I shake my head in wonder at Horizon Realty’s ridiculous $50k lawsuit naming a twitterer who complained to her ~20 friends online about her moldy apartment (see: “Horizon Realty Sues Woman for $50,000,” at And I laugh at Sons of Maxwell’s hilarious music video jibe at United Airlines for wrecking a band member’s guitar, and marvel at United’s refusal to “make things right” until SoM’s video hit millions of views within a week of being posted to YouTube (see: These stories, and others, get me thinking about parallels between a murder of crows and (dare I say it?) a “murder” of twitterers, bloggers and YouTube-ers.

Individually, customers and observers might be small but, once agitated by a perceived injustice, together we are mighty. Corporate (institutional, governmental, etc) behavior, good and bad, has never been so exposed, and individuals have never been so powerful. And, like the crows, we’re a mostly a pretty smart lot. We’re noisy, too, when we want to be.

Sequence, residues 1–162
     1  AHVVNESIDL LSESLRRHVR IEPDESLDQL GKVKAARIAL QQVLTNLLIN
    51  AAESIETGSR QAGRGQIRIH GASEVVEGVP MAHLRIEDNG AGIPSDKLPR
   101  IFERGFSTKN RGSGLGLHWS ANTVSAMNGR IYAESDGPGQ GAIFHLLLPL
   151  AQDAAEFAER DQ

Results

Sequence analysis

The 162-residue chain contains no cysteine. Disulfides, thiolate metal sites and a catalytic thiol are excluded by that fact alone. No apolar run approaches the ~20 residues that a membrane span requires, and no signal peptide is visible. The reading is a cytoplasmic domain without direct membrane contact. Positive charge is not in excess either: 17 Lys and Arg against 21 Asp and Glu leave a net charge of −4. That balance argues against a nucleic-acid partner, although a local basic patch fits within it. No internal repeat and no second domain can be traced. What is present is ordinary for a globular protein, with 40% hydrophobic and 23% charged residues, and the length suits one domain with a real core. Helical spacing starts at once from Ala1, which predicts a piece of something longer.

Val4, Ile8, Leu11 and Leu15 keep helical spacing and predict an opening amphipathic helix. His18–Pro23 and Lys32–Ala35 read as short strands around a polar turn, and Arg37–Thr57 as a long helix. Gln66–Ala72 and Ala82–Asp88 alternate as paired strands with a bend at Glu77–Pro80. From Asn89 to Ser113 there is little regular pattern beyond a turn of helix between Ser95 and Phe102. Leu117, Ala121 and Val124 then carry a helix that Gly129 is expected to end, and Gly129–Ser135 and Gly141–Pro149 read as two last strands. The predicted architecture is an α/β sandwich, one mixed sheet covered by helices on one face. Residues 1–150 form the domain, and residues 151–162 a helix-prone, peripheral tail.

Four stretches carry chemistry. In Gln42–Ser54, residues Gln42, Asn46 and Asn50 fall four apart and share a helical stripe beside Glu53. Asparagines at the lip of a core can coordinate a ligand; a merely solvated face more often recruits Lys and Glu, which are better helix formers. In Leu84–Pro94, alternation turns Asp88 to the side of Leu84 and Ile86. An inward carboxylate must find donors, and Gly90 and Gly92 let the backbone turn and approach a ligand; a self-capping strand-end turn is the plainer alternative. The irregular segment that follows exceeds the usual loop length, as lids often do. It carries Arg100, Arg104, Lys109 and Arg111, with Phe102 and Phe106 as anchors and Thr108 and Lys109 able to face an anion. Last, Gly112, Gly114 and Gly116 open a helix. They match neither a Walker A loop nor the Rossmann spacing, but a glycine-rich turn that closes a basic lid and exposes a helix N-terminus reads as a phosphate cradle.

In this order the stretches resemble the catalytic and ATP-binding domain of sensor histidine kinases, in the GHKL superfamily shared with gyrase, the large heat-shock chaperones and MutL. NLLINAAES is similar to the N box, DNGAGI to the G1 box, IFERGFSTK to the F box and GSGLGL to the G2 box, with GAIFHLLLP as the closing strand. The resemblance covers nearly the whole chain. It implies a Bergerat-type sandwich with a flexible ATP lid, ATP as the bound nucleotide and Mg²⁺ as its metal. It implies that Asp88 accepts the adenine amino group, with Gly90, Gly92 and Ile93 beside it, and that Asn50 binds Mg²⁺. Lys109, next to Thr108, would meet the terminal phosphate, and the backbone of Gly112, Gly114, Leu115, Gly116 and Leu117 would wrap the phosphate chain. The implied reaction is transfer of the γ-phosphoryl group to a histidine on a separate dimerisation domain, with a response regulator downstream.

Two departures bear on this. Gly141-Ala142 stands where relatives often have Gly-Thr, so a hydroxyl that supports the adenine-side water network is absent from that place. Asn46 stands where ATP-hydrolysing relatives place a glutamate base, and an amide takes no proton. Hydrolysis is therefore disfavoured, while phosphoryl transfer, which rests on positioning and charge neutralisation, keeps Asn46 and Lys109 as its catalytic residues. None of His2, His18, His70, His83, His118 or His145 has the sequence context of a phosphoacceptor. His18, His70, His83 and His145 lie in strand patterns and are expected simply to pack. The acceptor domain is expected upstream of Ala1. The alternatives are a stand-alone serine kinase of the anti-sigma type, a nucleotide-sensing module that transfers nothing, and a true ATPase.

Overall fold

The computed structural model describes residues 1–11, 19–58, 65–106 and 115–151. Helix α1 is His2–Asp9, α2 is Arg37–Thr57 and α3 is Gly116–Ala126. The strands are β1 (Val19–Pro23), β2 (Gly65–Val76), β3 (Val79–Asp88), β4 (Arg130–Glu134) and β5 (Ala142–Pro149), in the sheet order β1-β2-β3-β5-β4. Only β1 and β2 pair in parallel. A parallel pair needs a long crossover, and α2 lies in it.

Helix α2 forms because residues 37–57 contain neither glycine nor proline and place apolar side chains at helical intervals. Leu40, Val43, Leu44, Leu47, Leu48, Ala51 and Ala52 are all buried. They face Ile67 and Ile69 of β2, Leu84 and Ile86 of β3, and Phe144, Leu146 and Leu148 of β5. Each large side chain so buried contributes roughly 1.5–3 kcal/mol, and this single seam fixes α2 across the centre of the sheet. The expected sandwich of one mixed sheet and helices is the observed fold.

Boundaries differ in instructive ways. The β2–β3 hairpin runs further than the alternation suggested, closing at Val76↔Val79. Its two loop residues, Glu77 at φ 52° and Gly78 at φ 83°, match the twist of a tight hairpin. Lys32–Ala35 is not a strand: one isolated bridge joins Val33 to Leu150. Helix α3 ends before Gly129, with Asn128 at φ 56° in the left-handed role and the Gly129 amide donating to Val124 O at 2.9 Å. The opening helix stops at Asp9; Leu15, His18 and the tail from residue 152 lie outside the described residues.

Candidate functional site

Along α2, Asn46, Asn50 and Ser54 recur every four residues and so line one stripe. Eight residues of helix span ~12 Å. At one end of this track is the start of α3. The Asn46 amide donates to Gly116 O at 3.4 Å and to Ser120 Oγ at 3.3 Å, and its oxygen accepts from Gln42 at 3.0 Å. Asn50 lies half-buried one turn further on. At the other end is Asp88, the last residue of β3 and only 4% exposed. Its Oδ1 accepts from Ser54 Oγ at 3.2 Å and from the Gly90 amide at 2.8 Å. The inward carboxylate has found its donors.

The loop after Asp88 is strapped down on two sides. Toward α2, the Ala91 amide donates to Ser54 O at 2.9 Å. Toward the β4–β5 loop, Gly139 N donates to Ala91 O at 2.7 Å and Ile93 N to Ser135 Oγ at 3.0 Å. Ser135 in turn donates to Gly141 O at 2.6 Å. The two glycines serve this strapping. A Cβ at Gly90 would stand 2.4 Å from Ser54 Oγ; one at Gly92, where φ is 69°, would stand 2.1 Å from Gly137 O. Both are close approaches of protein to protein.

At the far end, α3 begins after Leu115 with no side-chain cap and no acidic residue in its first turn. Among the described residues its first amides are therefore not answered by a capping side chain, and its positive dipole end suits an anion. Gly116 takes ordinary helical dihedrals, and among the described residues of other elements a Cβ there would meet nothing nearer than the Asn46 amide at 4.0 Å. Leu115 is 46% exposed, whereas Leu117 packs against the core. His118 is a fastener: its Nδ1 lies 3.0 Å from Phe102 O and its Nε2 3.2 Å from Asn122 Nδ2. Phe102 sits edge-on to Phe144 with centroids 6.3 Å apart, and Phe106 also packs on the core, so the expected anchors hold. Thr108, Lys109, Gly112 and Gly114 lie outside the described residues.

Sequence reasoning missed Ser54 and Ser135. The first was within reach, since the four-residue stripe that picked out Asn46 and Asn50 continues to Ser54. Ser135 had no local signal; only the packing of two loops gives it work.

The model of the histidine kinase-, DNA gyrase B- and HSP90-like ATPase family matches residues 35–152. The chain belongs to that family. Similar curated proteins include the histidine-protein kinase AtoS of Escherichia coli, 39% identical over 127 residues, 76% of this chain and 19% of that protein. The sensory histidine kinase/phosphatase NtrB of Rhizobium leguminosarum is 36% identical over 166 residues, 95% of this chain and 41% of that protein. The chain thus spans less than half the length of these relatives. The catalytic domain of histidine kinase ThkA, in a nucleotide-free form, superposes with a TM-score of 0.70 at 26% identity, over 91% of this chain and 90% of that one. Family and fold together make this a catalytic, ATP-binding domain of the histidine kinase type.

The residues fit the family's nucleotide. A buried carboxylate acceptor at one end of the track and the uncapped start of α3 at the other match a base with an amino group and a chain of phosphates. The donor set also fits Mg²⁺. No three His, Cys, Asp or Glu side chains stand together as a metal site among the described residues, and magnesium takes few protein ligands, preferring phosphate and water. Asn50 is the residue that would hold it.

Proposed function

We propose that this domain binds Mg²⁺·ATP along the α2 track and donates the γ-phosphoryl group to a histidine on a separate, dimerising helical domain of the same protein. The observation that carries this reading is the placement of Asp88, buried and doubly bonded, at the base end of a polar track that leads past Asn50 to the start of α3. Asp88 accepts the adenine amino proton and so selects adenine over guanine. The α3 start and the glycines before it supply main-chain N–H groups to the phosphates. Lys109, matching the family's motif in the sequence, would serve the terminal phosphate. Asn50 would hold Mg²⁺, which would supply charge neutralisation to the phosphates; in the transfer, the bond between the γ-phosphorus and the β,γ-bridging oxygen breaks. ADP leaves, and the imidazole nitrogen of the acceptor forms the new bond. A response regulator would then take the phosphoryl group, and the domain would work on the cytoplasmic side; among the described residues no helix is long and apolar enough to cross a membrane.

I’m curious to see how social media re-shapes communications between ordinary people and big, historically strong organizations in the weeks, months and years to come!

What do you think?


-originally posted on my old blog on July 31, 2009

– updated link to Horizon story after link to Chicago Sun article was broken (Dec 3, 2009)


Be Prepared: A True Story


Once upon a time (mid 1980s), in a land far away (UVic), Prince Ken (Athletics and Recreation Director Ken Shields, most decorated varsity basketball coach in Canadian history) had a problem. He knew there were many things his principality, his area of the kingdom, needed — and needed badly — but, alas, he had no gold coins with which to purchase them. Many of these things were very important to ensure the safety and health of his people! Other things were important to ensure they were also happy, and could keep on being the best athletes (rowers and basketballers and swimmers) in the entire world (Canada).

One day he received a message from the King Howard (UVic president Howard Petch). In fact, every single prince (it was a big kingdom) got the same message. It read something like this: